# Research Methods Exam 2

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1. What are the components of a between-subjects design?
• Making comparisons between 2 or more groups (usually assign subjects to a group)
• Need for equivalent groups (clarify the effect of the IV)
2. What are possible methods of creating equivalent groups?
• Random Assignment
• Block Randomization
• Matching Strategy
3. What are the components of random assignment?
• Method for creating equivalent groups
• Once subjects are selected, there's an equal chance of being assigned
• Evenly distributed individual differences
• Differences between groups are a result of IV, not EV
4. What are the components of block randomization?
• Method for creating equivalent groups
• Defines order of assignment
• Groups end up with equal numbers
5. What are the components of matching strategy?
• Method for creating equivalent groups
• Ensures that groups are equivalent on the factor you're concerned about
• Subjects are matched on relevant factor (matching variable)
• Once matched, then randomly assigned
6. What are the components of a within-subject design?
• Making comparisons by looking at individuals across multiple conditions
• Comparisons within subjects
• Repeated measures design
• Rather than recruit different groups, every subject experiences each of the conditions
7. What are the advantages and disadvantages of a within-subject design?
• Advantage: groups are equivalent because there's only one group
• Disadvantages: sequence effects (progressive effects and carryover effects)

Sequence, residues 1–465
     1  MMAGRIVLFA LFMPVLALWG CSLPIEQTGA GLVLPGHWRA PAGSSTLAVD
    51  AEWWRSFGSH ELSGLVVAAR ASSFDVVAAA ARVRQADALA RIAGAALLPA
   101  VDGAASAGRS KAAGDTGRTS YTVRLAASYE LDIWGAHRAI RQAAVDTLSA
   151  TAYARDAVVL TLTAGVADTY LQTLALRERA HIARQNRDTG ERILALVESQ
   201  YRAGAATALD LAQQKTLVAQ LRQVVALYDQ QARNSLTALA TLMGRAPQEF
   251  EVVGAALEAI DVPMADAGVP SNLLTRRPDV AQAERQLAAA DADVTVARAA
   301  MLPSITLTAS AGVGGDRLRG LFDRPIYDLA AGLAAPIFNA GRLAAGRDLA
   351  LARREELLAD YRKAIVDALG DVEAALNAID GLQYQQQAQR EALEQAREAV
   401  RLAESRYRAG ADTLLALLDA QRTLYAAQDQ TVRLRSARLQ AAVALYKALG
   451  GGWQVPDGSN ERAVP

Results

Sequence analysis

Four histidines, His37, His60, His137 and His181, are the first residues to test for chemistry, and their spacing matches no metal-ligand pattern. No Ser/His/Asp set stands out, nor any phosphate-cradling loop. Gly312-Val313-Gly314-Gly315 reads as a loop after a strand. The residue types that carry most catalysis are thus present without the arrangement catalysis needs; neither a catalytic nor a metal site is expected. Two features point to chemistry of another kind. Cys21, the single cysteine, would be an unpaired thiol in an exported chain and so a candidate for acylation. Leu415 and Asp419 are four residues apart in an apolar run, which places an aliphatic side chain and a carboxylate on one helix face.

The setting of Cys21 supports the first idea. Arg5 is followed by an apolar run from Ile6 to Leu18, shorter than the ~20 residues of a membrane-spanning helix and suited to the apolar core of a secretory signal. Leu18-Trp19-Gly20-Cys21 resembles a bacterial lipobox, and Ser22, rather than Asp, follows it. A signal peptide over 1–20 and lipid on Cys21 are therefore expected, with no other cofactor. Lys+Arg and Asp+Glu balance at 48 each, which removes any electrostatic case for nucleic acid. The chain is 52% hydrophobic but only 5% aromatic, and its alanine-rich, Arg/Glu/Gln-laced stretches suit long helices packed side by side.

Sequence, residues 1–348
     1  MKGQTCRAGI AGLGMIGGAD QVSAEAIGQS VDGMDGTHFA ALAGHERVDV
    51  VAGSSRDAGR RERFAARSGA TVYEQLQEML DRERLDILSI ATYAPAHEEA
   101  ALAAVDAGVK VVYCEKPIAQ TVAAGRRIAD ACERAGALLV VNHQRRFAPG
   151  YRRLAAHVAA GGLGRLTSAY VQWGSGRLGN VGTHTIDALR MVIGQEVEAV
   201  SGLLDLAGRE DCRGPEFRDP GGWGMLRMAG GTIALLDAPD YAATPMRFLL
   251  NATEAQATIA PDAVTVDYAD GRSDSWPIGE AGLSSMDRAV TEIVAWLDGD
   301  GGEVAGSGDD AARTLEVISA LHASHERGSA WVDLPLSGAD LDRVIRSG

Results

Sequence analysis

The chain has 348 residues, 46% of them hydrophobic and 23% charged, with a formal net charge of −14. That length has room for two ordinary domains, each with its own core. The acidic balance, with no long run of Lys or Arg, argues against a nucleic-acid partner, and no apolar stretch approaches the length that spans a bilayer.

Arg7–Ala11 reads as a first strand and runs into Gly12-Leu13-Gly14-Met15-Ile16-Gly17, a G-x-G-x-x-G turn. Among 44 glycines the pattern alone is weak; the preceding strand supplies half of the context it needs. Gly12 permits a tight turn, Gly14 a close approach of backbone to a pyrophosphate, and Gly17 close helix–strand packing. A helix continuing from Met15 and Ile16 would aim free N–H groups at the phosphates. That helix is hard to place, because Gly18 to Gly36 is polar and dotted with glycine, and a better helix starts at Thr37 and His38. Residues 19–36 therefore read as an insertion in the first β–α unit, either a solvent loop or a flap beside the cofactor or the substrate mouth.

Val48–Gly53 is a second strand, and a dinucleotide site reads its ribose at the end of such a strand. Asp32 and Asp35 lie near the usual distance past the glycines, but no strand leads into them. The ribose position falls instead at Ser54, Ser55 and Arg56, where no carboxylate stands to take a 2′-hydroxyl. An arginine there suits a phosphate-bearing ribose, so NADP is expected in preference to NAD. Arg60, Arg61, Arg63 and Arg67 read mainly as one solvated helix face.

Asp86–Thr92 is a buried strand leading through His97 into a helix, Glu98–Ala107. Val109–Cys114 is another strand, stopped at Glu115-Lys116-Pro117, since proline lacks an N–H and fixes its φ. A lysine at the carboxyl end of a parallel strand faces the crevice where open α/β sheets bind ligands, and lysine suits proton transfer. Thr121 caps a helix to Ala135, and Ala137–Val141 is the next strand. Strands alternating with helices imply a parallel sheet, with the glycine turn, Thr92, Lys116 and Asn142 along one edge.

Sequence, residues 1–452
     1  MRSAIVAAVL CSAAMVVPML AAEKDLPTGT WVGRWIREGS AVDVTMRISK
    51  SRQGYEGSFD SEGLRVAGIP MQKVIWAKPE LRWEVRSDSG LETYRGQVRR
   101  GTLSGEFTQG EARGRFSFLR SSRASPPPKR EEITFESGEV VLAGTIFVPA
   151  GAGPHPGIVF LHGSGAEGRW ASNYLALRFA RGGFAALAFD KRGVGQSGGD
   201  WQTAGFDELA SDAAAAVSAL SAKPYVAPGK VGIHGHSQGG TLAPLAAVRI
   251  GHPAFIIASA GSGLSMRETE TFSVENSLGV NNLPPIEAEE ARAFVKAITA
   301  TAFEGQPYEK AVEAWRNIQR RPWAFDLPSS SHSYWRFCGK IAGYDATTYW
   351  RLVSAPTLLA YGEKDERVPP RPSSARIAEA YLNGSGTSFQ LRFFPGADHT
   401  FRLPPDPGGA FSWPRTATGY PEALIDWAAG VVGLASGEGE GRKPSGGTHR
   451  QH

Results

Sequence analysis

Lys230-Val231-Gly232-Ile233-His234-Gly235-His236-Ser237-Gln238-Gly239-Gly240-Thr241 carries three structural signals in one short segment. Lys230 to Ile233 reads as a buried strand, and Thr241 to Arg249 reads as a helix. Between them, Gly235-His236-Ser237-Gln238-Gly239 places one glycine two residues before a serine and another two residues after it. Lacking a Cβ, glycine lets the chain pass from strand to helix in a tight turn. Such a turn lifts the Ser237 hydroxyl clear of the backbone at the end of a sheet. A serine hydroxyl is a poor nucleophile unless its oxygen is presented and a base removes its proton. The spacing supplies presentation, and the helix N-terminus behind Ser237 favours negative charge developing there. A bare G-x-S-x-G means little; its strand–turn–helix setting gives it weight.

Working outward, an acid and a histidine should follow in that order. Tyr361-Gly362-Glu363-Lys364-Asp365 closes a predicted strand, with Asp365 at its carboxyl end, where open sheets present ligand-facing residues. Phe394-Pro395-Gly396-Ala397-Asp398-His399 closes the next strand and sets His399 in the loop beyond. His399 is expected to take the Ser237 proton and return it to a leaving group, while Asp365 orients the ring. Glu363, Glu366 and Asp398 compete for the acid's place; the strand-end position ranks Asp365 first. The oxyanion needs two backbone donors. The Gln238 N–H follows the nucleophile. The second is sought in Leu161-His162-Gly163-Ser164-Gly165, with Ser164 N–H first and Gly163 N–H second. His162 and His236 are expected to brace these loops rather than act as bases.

8. What are the components of sequence effects?
Once a participant has completed the first part of a study, the experience or altered circumstances could influence performance in later parts of the study
9. What are the components of progressive effects?
Sometimes repeated trials produce gradual fatigue or boredom, and performance gradually declines from trial to trial
10. What are the components of carryover effects?
In a study with 2 basic conditions, experiencing the first condition before the second might affect the person much differently than experiencing the second before the first
11. What are the possible methods of controlling sequence effects?
Counterbalancing
12. What are the two general categories of counterbalancing?
• Testing once per condition
• Testing more than once per condition
13. What are the components of counterbalancing when testing once per condition?
• Complete Counterbalancing
• Partial Counterbalancing
14. What are the components of complete counterbalancing?
• Every possible sequence will be used at least once
• The total number of sequences needed can be determined by calculating X! (X factorial, where X is the number of conditions)
• Subjects in this study would then be randomly assigned to a sequence
15. What might be an issue with complete counterbalancing?
As the number of levels of the IV increases, the possible sequences needed increase dramatically
16. What are the components of partial counterbalancing?
• It can be accomplished by sampling from the complete set of all possible orders
• Or by randomizing the order of conditions for each subject (balanced Latin Square)
17. What is the Latin Square Strategy?
• Type of partial counterbalancing
• Subset of possible sequences
• 2 things are true:
• -every condition occurs equally often in each position
• -every condition precedes an follows every other condition exactly once